During the Thursday shift I worked with Jesse, a basic-level EMT. He's a sharp guy, quite skilled, knows his business. It was a pleasure to work with him. For the most part, I don't remember the order of the calls we did during the day, but we had a few things go on, including two ED to ICU transports and a couple of priority 1 calls to the East campus. The last one we had during the day and early evening was for a 21 year-old female with increased shortness of breath over the two days prior to going to see the doctor. We picked her up at the medical practice on the East campus affiliated with the hospital. She's a student at one of the area colleges and she had just moved into a new apartment. Her symptoms started as she was finishing moving her belongings into her new place.
The doctor that saw her wanted to send her to the ED because she was having the following symptoms in addition to the breathing issues: epigastric pain on inspiration with radiation into the mid-sternum, mild tachycardia, and a low grade fever at 102.1 F. All of those symptoms, at least to me, point to a pulmonary embolism. So sending her was the right thing to do.
After 1900 we had the coverage for Children's Hospital, and from 2000 on we had the team with us. The first trip we took with them sent us to the Cape Cod Hospital in Hyannis to pick up a 10 month-old female with a seizure history who needed to be seen for issues with vomiting and continued seizing prior to being seen at the hospital. She was seizure-free when we arrived at the hospital and continued to be that way on the way to Boston. She had a feeding tube as well as a cerebral shunt, was also deaf, and had some issues with her eyesight. Mom went with us and I worked in the back with the nurses. Not a problem, but it was a tight fit in the back of the ambulance with three of us back there.
On the way back to Boston we were notified that there was another pickup at the Brockton Hospital – a septic 3-day old male who was being sent to rule out Sepsis. He was pretty sick – he was febrile, tachycardic, and really dry. We had to take precautions with him because of the possibility of his being positive. Another tight trip in the back of the ambulance – mother traveled with us again, and it was a little more difficult because the baby was in the isolette.
We almost went back to Brockton to the Good Samaritan for a set of newborn twins – we actually got on the road at 0530 but were canceled on the way. The day crew was going to take the trip, and it was a good thing that they did; we wouldn't have gotten out until near 1000 otherwise.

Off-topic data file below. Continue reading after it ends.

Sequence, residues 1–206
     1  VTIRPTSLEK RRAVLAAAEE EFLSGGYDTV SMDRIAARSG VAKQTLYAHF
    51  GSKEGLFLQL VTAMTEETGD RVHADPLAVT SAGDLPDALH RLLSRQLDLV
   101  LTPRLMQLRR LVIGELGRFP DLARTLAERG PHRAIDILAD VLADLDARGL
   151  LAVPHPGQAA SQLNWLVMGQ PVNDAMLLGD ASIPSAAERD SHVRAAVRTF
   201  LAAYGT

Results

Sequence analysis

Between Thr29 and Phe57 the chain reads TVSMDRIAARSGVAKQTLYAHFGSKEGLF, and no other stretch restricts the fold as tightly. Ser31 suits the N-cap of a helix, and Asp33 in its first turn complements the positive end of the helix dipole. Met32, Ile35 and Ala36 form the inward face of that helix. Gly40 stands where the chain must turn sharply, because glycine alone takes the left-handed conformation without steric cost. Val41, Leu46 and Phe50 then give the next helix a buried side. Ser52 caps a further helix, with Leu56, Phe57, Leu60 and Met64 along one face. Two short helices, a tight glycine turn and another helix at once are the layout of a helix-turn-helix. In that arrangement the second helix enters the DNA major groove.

Saturday was a different day; we only did three calls during the entire shift, but two of them were after midnight. The second was a patient at the Hebrew Rehab who was a question of a GI bleed but “was stable”, according to the staff on the floor. We arrived there to find a 90 year-old female, alert but lethargic with a blood pressure of 70/40 and a heart rate of 110. She was pale, almost jaundiced-looking, cool, and she had vomited coffee grounds-like matter about an hour before we were called. She looked pretty bad, so I got a second Paramedic (I was working with a Basic; a problem when you can't work fully as a Paramedic in Massachusetts if you're by yourself) so that we could do whatever we had to. I was glad I had help; she had almost no IV access because of her crummy pressure, and she was somewhat hypoxic as well – on 6 LPM of Oxygen her saturation level was only in the high 80% range. So she got put on high-flow Oxygen before we even left the rehab. We did everything else on the way to the Beth Israel, and when we arrived we got grief from the triage nurse because we didn't patch in. In my own undiplomatic fashion I told her that we were rather busy, and she backed off then. We got the patient into a resuscitation room and they called her what is known as a “trigger” patient – she was high acuity and needed to be treated as such. I don't know her outcome; my suspicion is that at the very least she was admitted, but I don't know if anything further was to be done; her age certainly is a factor against her. If she was to be treated, it's uncertain whether or not she would survive it.
Today I am working in Nashua on ALS-7. As with any other shift I've worked here, it could go either way. We'll see how the day goes. So far we've done an "ambulance doing wheelchair" call, and on our way back operations let us know (in a rather testy manner) that we needed to sign on with Nashua Fire. We hadn't gotten back to change vehicles at that point. Now that it's done, it will be interesting to see what happens for the rest of the shift. It's 1045 now - I only have to last a little over 6 hours.....